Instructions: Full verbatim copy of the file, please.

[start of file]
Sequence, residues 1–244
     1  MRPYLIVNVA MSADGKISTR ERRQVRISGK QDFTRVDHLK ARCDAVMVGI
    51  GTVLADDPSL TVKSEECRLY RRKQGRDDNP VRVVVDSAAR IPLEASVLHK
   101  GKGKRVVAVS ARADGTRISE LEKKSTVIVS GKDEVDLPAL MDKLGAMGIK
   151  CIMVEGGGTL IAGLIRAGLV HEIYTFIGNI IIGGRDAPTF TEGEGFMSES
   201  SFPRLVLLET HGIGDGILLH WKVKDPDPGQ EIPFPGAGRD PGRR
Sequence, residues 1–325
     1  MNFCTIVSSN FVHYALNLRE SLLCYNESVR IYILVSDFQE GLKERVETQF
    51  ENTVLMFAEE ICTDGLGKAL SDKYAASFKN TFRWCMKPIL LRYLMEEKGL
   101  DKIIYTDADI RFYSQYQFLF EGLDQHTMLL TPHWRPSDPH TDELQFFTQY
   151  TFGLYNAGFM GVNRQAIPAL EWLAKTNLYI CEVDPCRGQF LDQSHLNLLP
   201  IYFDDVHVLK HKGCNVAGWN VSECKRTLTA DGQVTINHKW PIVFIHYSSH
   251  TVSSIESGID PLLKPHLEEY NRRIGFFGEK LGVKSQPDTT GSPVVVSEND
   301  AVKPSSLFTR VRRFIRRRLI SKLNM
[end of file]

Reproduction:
Sequence, residues 1–244
     1  MRPYLIVNVA MSADGKISTR ERRQVRISGK QDFTRVDHLK ARCDAVMVGI
    51  GTVLADDPSL TVKSEECRLY RRKQGRDDNP VRVVVDSAAR IPLEASVLHK
   101  GKGKRVVAVS ARADGTRISE LEKKSTVIVS GKDEVDLPAL MDKLGAMGIK
   151  CIMVEGGGTL IAGLIRAGLV HEIYTFIGNI IIGGRDAPTF TEGEGFMSES
   201  SFPRLVLLET HGIGDGILLH WKVKDPDPGQ EIPFPGAGRD PGRR
Sequence, residues 1–325
     1  MNFCTIVSSN FVHYALNLRE SLLCYNESVR IYILVSDFQE GLKERVETQF
    51  ENTVLMFAEE ICTDGLGKAL SDKYAASFKN TFRWCMKPIL LRYLMEEKGL
   101  DKIIYTDADI RFYSQYQFLF EGLDQHTMLL TPHWRPSDPH TDELQFFTQY
   151  TFGLYNAGFM GVNRQAIPAL EWLAKTNLYI CEVDPCRGQF LDQSHLNLLP
   201  IYFDDVHVLK HKGCNVAGWN VSECKRTLTA DGQVTINHKW PIVFIHYSSH
   251  TVSSIESGID PLLKPHLEEY NRRIGFFGEK LGVKSQPDTT GSPVVVSEND
   301  AVKPSSLFTR VRRFIRRRLI SKLNM